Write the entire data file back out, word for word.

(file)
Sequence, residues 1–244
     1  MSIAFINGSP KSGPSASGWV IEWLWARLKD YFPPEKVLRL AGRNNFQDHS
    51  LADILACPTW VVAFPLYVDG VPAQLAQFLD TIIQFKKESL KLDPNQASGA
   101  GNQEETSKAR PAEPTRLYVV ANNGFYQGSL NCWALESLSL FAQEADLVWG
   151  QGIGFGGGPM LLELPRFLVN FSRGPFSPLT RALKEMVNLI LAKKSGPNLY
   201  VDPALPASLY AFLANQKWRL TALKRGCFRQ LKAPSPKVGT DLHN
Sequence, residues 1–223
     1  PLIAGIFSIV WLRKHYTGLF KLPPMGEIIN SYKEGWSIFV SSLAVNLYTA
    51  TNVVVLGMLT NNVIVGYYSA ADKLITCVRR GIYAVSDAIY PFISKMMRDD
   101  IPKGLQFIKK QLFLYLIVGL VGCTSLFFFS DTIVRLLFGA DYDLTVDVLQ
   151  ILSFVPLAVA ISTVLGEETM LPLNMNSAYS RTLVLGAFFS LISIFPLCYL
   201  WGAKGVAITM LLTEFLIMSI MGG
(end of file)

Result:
Sequence, residues 1–244
     1  MSIAFINGSP KSGPSASGWV IEWLWARLKD YFPPEKVLRL AGRNNFQDHS
    51  LADILACPTW VVAFPLYVDG VPAQLAQFLD TIIQFKKESL KLDPNQASGA
   101  GNQEETSKAR PAEPTRLYVV ANNGFYQGSL NCWALESLSL FAQEADLVWG
   151  QGIGFGGGPM LLELPRFLVN FSRGPFSPLT RALKEMVNLI LAKKSGPNLY
   201  VDPALPASLY AFLANQKWRL TALKRGCFRQ LKAPSPKVGT DLHN
Sequence, residues 1–223
     1  PLIAGIFSIV WLRKHYTGLF KLPPMGEIIN SYKEGWSIFV SSLAVNLYTA
    51  TNVVVLGMLT NNVIVGYYSA ADKLITCVRR GIYAVSDAIY PFISKMMRDD
   101  IPKGLQFIKK QLFLYLIVGL VGCTSLFFFS DTIVRLLFGA DYDLTVDVLQ
   151  ILSFVPLAVA ISTVLGEETM LPLNMNSAYS RTLVLGAFFS LISIFPLCYL
   201  WGAKGVAITM LLTEFLIMSI MGG